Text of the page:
Too many franchisors see franchiseees as a period expense to be cut; not a customer service investment

WileRRIn the mad dash for increased profits, some groups of employees are converted to franchisees.

It seems to make sense: less benefits, labour laws and an unlimited way to force more duties with less payment (by lying). Seems like a “can’t lose” strategy and one that will further your corporate career, right?

Wrong. Some corporations make a very big strategic mistake:

  • they abuse franchisees a lot AND
  • then permanently give the “victims” 100% control of the organization’s distribution system.

Not a very bright move.

Franchising is not in itself a bad move. Actually, it’s very, very smart IF managed properly. Most models are managed in a predatory, stupid way.

Short-term Profits: If this is the overriding corporate goal, franchisees are seen as an expense (to me managed to zero) and not an investment. The nasty consequence is that management has then effectively handed total control of your business over to what might become a very unruly mob.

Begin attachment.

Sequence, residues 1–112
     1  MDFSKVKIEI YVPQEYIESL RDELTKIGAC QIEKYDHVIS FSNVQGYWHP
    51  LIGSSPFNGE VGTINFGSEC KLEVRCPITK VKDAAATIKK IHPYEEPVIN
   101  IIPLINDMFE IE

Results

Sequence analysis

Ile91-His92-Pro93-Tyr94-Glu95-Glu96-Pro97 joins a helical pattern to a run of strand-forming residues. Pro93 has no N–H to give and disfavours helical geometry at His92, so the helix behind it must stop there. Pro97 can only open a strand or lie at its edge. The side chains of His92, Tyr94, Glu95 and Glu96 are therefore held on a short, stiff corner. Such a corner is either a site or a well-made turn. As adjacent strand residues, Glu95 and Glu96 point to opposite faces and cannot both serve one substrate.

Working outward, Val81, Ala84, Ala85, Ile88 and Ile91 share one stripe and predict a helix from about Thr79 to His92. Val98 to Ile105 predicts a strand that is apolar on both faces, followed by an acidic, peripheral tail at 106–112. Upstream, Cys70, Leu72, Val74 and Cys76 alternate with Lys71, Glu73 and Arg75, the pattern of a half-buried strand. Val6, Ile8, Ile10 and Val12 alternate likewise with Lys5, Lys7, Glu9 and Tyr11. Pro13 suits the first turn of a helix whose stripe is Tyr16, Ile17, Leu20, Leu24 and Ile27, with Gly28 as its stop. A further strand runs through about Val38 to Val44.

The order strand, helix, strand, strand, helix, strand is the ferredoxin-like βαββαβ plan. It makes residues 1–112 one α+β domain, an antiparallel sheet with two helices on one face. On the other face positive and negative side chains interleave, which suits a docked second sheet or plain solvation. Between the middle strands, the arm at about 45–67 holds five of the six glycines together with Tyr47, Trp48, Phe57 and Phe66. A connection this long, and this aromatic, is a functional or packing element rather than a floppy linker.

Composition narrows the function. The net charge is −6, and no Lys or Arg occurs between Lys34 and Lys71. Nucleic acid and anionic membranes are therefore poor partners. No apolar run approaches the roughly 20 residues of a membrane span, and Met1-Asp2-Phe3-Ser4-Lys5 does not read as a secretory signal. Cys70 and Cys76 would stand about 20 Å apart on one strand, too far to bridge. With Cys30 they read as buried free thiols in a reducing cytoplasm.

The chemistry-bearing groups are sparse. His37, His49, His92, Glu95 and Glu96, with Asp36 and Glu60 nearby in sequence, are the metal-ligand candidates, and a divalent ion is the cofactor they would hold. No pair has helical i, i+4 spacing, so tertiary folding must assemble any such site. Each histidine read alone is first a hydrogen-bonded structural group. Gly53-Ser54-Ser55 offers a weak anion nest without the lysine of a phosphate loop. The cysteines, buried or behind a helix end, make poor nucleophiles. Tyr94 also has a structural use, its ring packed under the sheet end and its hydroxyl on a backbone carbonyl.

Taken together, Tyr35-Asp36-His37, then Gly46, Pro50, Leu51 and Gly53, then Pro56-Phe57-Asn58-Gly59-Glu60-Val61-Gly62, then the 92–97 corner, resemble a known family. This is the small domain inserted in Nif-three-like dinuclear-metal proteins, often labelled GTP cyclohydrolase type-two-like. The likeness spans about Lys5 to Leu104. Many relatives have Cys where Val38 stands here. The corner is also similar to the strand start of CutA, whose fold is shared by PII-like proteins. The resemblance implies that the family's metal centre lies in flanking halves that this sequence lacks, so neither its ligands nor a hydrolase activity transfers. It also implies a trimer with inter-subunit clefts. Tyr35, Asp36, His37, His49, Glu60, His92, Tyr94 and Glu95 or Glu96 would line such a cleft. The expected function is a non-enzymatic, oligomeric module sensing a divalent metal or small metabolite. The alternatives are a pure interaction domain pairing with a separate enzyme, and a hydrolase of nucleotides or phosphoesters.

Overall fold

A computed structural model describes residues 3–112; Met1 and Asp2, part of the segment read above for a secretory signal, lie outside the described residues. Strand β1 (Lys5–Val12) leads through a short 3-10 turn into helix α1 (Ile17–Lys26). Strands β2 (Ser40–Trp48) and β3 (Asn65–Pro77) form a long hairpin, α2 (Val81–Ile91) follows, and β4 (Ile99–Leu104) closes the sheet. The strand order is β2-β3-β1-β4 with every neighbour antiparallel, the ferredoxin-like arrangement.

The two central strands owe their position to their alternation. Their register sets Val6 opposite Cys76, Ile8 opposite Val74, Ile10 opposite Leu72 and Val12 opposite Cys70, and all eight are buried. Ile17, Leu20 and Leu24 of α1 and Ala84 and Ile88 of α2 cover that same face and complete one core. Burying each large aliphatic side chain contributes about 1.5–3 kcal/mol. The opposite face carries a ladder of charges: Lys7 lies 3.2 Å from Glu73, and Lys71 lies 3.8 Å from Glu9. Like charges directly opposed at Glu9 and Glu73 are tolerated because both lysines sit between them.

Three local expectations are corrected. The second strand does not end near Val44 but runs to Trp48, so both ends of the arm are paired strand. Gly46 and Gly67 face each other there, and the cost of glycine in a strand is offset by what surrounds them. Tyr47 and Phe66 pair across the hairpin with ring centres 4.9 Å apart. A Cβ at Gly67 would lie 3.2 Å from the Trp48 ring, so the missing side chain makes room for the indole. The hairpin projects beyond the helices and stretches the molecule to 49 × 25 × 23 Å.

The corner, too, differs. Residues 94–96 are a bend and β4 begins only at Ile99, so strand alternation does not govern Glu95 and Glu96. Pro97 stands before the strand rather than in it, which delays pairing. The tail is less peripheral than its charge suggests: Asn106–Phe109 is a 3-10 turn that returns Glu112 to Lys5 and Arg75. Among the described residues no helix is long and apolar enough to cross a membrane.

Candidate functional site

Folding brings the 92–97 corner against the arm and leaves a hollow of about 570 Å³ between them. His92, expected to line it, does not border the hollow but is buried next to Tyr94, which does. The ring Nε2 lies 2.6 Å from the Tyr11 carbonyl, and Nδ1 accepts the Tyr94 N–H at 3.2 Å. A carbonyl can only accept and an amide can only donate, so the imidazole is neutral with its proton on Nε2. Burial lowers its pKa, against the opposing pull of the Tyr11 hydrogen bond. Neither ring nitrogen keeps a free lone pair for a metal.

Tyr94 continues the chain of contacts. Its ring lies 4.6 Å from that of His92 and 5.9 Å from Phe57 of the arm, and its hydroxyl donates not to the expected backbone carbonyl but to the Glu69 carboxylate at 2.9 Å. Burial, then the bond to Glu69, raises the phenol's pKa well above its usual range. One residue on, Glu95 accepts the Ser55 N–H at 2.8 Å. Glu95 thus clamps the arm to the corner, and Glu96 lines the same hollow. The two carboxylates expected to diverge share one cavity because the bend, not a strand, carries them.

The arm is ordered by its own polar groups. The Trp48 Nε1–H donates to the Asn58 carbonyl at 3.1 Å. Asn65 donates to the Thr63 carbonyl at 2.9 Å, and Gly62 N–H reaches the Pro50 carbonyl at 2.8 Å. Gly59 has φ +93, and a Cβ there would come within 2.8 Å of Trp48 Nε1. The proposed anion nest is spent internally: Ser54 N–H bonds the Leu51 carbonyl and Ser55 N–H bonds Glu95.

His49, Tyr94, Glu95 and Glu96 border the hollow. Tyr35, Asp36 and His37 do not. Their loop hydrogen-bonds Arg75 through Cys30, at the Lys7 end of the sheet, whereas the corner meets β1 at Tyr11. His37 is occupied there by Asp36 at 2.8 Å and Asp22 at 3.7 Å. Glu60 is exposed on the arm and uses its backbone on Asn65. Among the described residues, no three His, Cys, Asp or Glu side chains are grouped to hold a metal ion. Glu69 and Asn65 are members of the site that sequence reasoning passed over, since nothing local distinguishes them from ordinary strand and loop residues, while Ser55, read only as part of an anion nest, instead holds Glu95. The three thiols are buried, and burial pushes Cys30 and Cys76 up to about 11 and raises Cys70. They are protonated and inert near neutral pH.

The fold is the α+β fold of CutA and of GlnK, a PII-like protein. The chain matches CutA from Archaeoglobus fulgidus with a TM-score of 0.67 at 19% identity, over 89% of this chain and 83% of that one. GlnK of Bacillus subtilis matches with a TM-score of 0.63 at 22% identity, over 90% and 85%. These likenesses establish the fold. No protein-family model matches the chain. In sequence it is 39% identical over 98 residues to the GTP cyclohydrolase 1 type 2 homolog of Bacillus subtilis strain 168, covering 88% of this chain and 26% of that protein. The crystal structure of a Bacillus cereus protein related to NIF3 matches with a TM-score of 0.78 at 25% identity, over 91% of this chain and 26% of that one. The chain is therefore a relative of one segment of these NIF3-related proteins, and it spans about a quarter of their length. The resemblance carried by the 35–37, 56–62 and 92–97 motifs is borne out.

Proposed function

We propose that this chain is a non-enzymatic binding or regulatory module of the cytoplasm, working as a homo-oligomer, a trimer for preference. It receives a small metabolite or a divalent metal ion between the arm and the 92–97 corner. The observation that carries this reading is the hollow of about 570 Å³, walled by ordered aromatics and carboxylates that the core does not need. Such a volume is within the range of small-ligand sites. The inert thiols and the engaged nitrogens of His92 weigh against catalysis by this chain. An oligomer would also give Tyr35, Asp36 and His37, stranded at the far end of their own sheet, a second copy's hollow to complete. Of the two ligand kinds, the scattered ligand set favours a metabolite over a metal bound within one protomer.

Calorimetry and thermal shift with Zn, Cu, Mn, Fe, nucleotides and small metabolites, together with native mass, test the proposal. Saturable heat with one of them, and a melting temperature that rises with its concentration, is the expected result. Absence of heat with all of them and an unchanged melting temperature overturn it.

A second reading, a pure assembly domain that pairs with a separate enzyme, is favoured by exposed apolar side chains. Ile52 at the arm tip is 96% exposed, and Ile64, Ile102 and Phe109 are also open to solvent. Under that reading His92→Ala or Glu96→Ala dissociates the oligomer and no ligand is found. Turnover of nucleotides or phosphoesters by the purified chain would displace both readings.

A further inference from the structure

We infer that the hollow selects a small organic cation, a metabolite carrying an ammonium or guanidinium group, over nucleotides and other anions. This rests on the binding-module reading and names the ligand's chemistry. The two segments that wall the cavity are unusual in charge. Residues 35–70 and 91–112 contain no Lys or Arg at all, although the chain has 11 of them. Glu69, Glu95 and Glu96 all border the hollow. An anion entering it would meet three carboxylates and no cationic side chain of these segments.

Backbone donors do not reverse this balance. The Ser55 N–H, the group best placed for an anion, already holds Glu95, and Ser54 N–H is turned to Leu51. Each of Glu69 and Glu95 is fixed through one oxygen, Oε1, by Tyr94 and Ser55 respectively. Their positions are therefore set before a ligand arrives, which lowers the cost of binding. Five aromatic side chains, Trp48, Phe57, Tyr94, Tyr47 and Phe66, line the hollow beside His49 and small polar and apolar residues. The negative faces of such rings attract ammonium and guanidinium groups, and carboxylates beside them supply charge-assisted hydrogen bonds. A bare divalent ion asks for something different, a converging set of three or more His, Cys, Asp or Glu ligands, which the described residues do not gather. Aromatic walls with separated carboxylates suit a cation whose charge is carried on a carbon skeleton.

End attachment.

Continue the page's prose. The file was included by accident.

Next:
Corporate mangers who make their careers by slashing or nickle-and-diming programs to the most vulnerable parts f their marketing mix (distribution: franchisees) may advance their career in the short term. But they sow the seeds of a huge collapse if franchisees are pushed too far.

Franchisors are responsible for creating and maintaining a sustainable and safe franchise model. All humans have limits. It’s a medical fact and a health and safety issue of a very high priority.

If the model forces people beyond a safe human limit and the franchisor has been warned by a reasonable franchisees:.

  • When (not if) someone falls asleep at the wheel of a logoed truck, the public will look to the franchisor for an answer when the baby carriage is hit.

Signs of Dis-stress: If policies force franchisees into burn out (ie. too many hours/not enough sleep, illness, high divorce rates, rapid turnover of newbies, no time to take time off, abusive actions toward informal leaders), franchisors should expect a comparable push back in a manner that may not be to their liking.

Franchisors who have lost capacity to actually perform their continuous, fast-cycle product distribution tasks, would be wise to start listening to the more moderate voices arising from the restless.

  • The bad old days of franchising are over because information technology allows anonymous learning.

Higher levels of management skill, training and thought are required by franchisors. Senior managers should view spokespeople with respect because they have the ear of their constituents. Only fools will continue to penalize smart, tough, patient franchisees.

The franchise industry will be littered with the bodies of executives that failed to adapt to the new franchisee-empowered landscape.

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